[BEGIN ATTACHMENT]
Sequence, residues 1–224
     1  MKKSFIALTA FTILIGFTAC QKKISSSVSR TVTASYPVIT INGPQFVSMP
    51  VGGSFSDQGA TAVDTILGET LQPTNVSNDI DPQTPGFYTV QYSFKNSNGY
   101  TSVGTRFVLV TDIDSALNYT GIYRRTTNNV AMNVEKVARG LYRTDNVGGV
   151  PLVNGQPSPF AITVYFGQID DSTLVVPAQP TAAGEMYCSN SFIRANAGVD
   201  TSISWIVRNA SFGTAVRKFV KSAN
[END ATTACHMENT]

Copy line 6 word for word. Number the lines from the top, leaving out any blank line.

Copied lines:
   201  TSISWIVRNA SFGTAVRKFV KSAN